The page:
Neo-Nazi and white supremacist websites have taken two more knocks, after Cloudflare stopped protecting The Daily Stormer, and Apple pulled Apple Pay support for sites selling far-right merchandise.
The moves came in the wake of the weekend's violent far-right march in Charlottesville, Va., and the furore over President Donald Trump's failure to outright condemn the marchers.
The Daily Stormer is a notorious neo-Nazi website that drew heavy criticism after the weekend's events, which claimed the life of counter-protester Heather Heyer. GoDaddy and Google revoked the site's domain registration on the basis that it incited violence, so it moved to a Russian domain in order to stay online.
Cloudflare is one of the world's pre-eminent providers of protection against distributed denial-of-service (DDoS) attacks, which knock down websites by overwhelming their servers. It does so by re-routing attempts to access its customers' sites through its own networks. It also offers content delivery services that help speed up access to websites. Cloudflare claims that a tenth of all web requests go through its network—and The Daily Stormer was one of its many customers.
Many people had criticized Cloudflare for continuing to protect the site, but it remained silent on the subject until Wednesday, when it pulled the plug.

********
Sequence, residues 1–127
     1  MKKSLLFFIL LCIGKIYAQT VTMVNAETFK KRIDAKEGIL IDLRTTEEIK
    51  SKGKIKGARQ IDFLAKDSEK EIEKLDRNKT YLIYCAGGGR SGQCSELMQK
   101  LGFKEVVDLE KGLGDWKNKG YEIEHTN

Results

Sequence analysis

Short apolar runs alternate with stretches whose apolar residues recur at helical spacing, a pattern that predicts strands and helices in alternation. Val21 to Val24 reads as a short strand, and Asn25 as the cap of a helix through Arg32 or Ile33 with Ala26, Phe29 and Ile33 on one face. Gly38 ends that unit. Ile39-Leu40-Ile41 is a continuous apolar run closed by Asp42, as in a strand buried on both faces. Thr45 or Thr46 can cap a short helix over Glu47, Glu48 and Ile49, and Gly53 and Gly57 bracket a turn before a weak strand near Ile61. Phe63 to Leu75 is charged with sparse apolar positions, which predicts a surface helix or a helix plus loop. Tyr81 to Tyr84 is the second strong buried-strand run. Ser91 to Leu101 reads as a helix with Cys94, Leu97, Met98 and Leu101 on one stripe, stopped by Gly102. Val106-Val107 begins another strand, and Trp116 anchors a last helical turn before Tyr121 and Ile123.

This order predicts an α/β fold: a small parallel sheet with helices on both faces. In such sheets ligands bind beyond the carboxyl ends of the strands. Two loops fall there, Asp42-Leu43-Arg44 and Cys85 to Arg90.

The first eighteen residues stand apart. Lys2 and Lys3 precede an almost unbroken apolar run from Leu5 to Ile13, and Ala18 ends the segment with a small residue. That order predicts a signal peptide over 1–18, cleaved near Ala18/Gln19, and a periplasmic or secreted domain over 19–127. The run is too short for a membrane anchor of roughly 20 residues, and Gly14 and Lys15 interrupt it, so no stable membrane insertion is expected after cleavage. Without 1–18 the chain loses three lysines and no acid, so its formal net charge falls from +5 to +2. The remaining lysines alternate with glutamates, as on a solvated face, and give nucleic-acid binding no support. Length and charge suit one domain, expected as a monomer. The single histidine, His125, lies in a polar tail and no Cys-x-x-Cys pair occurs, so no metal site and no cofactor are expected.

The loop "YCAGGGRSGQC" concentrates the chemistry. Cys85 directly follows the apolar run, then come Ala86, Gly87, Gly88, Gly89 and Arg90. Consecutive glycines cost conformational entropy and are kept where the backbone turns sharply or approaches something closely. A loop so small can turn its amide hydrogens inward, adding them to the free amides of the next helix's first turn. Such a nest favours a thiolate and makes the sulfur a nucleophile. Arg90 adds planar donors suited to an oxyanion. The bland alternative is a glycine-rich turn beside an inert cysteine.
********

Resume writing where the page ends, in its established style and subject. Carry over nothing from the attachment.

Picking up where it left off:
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According to a lengthy blog post written by Cloudflare CEO Matthew Prince, a strong free-speech advocate, "the tipping point for us making this decision was that the team behind Daily Stormer made the claim that we were secretly supporters of their ideology." This, he said, meant staying neutral was no longer an option.
However, Prince indicated that the decision to dump The Daily Stormer had not come easily, largely because the removal of protections pretty much guaranteed the site would be knocked offline. And indeed, that's what happened shortly after Cloudflare walked away.
"You, like me, may believe that the Daily Stormer's site is vile. You may believe it should be restricted. You may think the authors of the site should be prosecuted. Reasonable people can and do believe all those things. But having the mechanism of content control be vigilante hackers launching DDoS attacks subverts any rational concept of justice," Prince wrote.
"After today, make no mistake, it will be a little bit harder for us to argue against a government somewhere pressuring us into taking down a site they don't like."
Meanwhile, Apple has joined PayPal in making it harder for white supremacists to take payments. After PayPal banned or limited the account of far-right activist Richard Spencer, Apple reportedly disabled Apple Pay support for websites selling neo-Nazi paraphernalia.
According to Buzzfeed, Apple blocked three white supremacist websites from using its payment services, which they used to sell clothing with Nazi and White Pride logos and slogans, as well as a bumper sticker "showing a car plowing into stick figure demonstrators"—a likely reference to the way in which Heyer was killed.
Apple CEO Tim Cook criticized Trump for his lukewarm condemnation of the marchers, and asked employees to join the company in donating to the Southern Poverty Law Center and the Anti-Defamation League.